The Go-Betweens had been quietly releasing some very good albums throughout the 1980s, but 16 Lovers Lane is their peak; it features their strongest line up instrumentally, with new member John Willsteed officially the bass player but adding lots of guitar parts, and producer Mark Wallis adding an ornate sheen. The album also contains Robert Forster’s most accessible set of songs and Grant McLennan’s most consistent set. With Wallis working from Forster and McLennan’s acoustic demos, he broadens their range; McLennan’s ‘The Devil’s Eye’ is pared down almost to acoustic guitar, while Forster’s ‘You Can’t Say No Forever’ is given a dance-able rhythm and sassy blaxploitation guitar.

Forster writes his prettiest material ever – ‘Clouds’, ‘Dive For Your Memory’, ‘I’m Allright’ and ‘Love Is A Sign’ are all sweetly melodic, underscored by Amanda Brown’s oboe. McLennan’s five songs are all winners, ranging in mood from the aggressive, punchy ‘Was There Anything I Could Do?’, through the exuberance of ‘Love Goes On!’ and the melancholic resignation of ‘Quiet Heart’.

Quite simply, 16 Lovers Lane is one of the best pop albums by anyone.

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Here we have only covered the original albums, but their 1980s albums have been re-released with bonus discs – I have some of them, and there’s definitely some good material in their b-sides; if you’re a fan you’ll want to hear songs like ‘Second Hand Furniture’, ‘Rock and Roll Friend’, and ‘That Girl Black Girl’. They also released a two disc DVD “That Striped Sunlight Sound” in 2005 – the live set is competent but  unexciting, but there’s a great bonus disc where Forster and McLennan play some of their best loved songs on acoustic guitars and discuss them.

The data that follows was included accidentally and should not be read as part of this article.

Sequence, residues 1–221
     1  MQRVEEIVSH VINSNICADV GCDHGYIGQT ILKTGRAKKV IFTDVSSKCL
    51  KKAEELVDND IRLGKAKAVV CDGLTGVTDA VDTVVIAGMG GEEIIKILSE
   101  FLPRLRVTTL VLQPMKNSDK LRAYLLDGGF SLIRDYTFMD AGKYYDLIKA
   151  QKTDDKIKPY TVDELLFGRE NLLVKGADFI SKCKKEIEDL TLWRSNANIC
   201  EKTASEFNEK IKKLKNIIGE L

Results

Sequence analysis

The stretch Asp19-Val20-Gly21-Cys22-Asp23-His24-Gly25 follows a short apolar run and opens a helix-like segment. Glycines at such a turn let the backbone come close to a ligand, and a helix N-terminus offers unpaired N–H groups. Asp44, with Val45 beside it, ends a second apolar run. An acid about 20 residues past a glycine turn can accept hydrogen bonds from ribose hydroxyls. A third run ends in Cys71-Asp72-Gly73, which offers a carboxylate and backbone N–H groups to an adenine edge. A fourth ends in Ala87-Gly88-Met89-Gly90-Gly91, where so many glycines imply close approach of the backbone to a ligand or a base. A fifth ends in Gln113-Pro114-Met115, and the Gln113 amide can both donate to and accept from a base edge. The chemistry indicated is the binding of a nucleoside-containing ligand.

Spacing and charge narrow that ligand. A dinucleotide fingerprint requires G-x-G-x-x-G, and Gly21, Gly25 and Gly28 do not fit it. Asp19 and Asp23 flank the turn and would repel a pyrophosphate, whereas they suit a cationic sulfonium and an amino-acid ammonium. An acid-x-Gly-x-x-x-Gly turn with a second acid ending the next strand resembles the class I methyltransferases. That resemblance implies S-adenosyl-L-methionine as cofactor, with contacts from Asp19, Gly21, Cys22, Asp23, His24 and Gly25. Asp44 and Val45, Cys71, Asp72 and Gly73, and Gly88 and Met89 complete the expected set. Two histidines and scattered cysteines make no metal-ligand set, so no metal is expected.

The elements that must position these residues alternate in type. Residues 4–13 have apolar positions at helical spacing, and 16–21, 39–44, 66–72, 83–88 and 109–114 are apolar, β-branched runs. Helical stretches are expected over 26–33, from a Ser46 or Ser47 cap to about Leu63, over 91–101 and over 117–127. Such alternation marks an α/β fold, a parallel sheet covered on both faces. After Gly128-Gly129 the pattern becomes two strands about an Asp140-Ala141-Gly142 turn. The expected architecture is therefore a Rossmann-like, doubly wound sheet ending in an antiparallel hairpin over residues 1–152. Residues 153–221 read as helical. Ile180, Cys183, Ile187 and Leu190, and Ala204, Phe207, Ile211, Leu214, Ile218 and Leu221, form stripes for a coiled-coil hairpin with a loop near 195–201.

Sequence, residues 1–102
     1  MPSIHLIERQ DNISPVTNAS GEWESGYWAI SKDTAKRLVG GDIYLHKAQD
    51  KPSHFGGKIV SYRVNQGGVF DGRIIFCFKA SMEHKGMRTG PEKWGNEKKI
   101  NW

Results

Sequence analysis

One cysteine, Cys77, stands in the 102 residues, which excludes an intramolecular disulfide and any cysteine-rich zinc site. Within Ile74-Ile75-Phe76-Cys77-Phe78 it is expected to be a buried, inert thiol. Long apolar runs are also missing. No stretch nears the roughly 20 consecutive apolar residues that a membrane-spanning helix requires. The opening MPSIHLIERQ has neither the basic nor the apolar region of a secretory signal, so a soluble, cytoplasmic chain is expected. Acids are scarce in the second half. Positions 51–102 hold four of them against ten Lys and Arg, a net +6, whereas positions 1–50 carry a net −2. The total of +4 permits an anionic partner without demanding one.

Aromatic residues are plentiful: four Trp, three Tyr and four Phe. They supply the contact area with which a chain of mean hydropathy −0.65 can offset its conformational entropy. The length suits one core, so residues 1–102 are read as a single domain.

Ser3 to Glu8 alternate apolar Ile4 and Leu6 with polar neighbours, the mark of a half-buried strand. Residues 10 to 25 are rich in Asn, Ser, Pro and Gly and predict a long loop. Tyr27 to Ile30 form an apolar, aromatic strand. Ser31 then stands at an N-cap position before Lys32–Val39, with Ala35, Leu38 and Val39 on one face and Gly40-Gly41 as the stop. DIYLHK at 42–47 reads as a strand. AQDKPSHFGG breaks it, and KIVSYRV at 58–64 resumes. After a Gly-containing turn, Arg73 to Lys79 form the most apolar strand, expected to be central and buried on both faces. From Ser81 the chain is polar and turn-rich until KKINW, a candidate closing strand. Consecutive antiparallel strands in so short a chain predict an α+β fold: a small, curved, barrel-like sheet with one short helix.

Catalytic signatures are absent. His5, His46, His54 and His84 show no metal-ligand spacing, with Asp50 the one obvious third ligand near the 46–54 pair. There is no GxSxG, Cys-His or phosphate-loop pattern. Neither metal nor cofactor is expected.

This is the highlight of “That Striped Sunlight Sound‘s” first disc – a gorgeous acoustic version of ‘Clouds’, which incorporates a verse from Dylan’s ‘Love Minus Zero’.

Thanks to Aphoristic Album Reviews

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“Dark Town” is the second release from Brisbane alt-country outfit, Suicide Country Hour.  Their new album expands on the introspective feeling of their first release with a darker, more heartbroken collection of songs which speak to the bitterness and sadness in us all. It’s the epitome of ‘hangover music’ and most importantly…no drummers, no dramas.

The new album expands on the introspective feeling of the sextet’s 2017 self titled debut with an even darker, more heartbroken collection of songs which speak to the bitterness and sadness in us all.

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Released June 15th, 2020
The Band:
Coxy – guitar/vox
Simmo – guitar/vox
Sarah – accordion/piano
Simon – bass/vox
Chris – violin
Sian Evans – banjo

Who can argue with something so bleak in these current times? Check out a couple of tracks from the album below, and click through to order via Bandcamp.